Abstract 5572: RAGE Signaling in Macrophages Contributes to Atherosclerosis in ApoE Null Mice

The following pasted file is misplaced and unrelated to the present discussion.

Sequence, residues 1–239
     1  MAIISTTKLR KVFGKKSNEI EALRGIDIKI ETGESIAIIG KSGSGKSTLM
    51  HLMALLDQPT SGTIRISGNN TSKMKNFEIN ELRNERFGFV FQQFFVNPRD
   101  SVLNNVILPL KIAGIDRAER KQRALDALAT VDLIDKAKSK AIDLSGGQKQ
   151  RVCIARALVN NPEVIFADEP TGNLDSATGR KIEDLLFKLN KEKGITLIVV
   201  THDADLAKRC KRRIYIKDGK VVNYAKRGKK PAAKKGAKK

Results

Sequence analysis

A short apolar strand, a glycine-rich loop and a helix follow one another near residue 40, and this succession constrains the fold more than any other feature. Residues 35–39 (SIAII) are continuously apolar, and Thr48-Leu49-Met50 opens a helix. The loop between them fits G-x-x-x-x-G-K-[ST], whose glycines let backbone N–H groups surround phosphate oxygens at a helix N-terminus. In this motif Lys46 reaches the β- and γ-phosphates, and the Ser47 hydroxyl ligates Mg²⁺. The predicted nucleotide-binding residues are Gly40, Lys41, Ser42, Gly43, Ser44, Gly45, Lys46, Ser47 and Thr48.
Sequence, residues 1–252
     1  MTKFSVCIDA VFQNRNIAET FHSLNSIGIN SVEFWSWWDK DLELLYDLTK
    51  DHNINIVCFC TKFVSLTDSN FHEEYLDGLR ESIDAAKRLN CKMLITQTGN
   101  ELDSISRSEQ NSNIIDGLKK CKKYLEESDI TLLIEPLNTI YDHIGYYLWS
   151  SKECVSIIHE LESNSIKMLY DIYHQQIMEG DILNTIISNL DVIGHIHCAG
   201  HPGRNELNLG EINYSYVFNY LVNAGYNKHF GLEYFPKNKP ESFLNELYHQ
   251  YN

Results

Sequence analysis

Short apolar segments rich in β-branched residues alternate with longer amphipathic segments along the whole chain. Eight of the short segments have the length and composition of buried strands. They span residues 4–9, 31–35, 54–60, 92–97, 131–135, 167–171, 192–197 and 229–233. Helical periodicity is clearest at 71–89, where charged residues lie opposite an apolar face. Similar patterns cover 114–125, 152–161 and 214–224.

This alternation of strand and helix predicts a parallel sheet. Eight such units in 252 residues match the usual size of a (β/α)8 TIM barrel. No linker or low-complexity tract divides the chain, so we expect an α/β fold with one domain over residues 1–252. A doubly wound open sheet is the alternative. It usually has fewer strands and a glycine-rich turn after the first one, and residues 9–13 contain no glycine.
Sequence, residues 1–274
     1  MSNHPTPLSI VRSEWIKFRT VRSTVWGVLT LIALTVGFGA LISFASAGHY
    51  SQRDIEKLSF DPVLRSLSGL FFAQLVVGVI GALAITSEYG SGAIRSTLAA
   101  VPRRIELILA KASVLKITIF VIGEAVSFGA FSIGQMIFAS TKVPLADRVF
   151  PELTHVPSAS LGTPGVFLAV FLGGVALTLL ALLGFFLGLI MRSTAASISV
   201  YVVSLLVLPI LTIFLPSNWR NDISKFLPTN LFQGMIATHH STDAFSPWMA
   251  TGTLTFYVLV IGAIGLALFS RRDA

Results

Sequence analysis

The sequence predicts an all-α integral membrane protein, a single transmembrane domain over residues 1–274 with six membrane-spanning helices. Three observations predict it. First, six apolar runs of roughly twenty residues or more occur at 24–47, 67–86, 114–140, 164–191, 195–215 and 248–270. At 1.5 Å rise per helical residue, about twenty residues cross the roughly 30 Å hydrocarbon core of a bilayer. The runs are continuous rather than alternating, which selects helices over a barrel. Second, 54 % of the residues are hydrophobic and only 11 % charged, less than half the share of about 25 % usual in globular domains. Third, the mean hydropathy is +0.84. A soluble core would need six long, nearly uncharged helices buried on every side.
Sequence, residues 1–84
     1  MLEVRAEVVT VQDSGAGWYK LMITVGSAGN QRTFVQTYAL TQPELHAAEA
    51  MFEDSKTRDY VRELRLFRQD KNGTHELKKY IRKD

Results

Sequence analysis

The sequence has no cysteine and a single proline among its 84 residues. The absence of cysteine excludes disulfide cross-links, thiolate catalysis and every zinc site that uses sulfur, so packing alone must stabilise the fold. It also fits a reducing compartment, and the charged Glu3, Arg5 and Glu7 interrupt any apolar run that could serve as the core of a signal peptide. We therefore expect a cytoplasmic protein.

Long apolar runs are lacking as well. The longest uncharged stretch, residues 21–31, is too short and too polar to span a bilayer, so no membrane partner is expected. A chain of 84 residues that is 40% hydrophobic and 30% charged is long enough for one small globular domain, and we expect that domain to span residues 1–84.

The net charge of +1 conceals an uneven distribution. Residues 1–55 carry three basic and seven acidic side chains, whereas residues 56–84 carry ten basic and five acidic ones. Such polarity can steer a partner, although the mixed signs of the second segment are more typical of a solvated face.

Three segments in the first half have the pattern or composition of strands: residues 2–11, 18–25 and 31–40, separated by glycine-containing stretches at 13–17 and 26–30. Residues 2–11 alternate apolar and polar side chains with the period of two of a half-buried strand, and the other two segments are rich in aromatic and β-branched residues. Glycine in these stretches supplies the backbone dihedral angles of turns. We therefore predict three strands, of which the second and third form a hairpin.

Macrophage-derived foam cell formation is an essential process in atherosclerosis. RAGE (Receptor for Advanced Glycation Endproducts) and its ligands play a role in atherosclerotic lesion formation, especially in diabetes. RAGE is expressed in monocytes/macrophages and previous studies revealed key roles for RAGE in macrophage migration and production of cytokines. To test the role of RAGE signaling in monocytes/macrophages, we developed transgenic mice expressing cytoplasmic domain-deleted RAGE (dominant-negative RAGE (DN-RAGE) in macrophages under control of the Macrophage Scavenger Receptor-type A promoter to study the role of RAGE in atherosclerosis (noted as MSR-DN-RAGE). Four groups of mice, all in apoE−/− background and fed with normal chow diet, were tested under diabetic (D) and non diabetic ND) conditions. At age 24 weeks, lesion areas by en face analysis of entire aorta and at the aortic sinus were significantly reduced in MSR-DN-RAGE+/apoE−/− vs. apoE−/− mice (in both ND and D) (Table⇓). Immunohistochemistry of lesions demonstrated significantly reduced % of macrophages/lesion area in both ND and D MSR-DN-RAGE+/apoE−/− vs. apoE−/− mice, and in D mice, significantly lower % smooth muscle cells/lesion area in MSR-DN-RAGE+/apoE−/− vs. apoE−/− mice (Table⇓). The % T cells/lesion area were not different among the ND and D groups (Table⇓). We conclude that macrophage RAGE signaling critically contributes to atherosclerosis in apoE−/− mice irrespective of the diabetic state.